The situation in Lebanon exemplifies our condition in Nigeria where untold hardships are being face by the people. It is left to us to extract commitments and action on issues from our political leaders before giving them our vote. “This is a duty we must not shirk. It is a duty to us and to posterity. But, considering all that has gone before, and threatens to kill the future of this nation, you have a responsibility to go further and say, ‘Enough’ of unchangeable casts of mind whose possessors only re-cycle themselves either directly or by surrogation. It is time to disarm the entire political scene and re-arm the visionaries. The nation needs new players, new minds. It is time that a united opposition seize the bull by the horns and make a determined effort towards total transformation.”

It has been argued that religion; in particular Islam is a contributing factor to the situation of political docility and lethargy of its adherents. This perhaps account for the proverbial acceptance of some of our brothers in the faith for the misrule of their leaders and why they have remained a-political. This thesis is however faulted in the light of the ‘Arab Spring’ and other uprisings and protests in patently Islamic climes. It is therefore not Islam or Christianity that makes a citizen apathetic, irresponsible to his political duties and obligations; rather it is the political culture of lethargy and de-participation.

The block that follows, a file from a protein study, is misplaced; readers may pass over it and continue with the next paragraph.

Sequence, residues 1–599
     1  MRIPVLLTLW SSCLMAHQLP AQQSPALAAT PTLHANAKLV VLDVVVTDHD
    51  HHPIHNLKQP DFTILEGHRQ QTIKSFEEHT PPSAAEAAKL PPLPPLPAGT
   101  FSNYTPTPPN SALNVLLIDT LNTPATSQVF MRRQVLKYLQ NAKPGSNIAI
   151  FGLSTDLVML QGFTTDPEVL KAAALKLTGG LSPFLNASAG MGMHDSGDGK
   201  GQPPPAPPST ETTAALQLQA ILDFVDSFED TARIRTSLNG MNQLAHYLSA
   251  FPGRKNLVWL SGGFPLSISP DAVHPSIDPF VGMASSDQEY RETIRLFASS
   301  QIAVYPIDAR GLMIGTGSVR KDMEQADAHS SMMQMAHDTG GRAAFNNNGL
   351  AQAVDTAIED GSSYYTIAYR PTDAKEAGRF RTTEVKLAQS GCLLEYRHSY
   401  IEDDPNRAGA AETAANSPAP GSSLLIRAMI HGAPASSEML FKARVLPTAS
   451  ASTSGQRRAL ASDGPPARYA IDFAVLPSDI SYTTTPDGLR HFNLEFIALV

Despite the suffering and challenges we face, we lack the culture of protest and rejection of bad governance. People are not prepared to make sacrifice on the barricades and as such resign their lives to fate. There are however instances in the stories of the Prophet and the Caliphs of the importance of followers asking questions and making demands on their leaders. A person cannot be a functioning member of his community if he or she lacks knowledge and wisdom. Equally a follower is expected to be courageous. According to Mohamed “courage is a quality of the soul, its heart’s strength against shock and composure when experiencing fear.” (Mohamed, Y. (2006); The Path to Virtue: The ethical Philosophy of AlRaghib Al-Işfahani: International Institute of Islamic Thought and Civilization, p 275)   The earliest followers in Islam were credible, honest and courageous. Therefore, they established themselves as independent, critical thinkers whose knowledge and wisdom are dependable. Bashir bin Sa‘ad (r.a) was a courageous follower during ‘Omar’s (r.a) regime. He was bold enough to tell Caliph ‘Omar that they will straighten him as they do with their arrows if he fails to properly perform his duties as a leader.   Caliph Omar said, “It is the duty of the leader and followers to listen to each other and to voice out their concern.” He added, “When followers do not participate and provide input, they are not contributing something useful. And we are not useful if we do not consent to their contributions.” (Ali, A.J. (2005), Islamic Perspectives on Management and Organization. Cheltenham: Edward Elgar. P 135)

In the parable of the patient dog, we learn that’ the patient dog starves to death’. There can be no virtue in patience under naked hunger and suffering.

Barka Juma’at and a happy weekend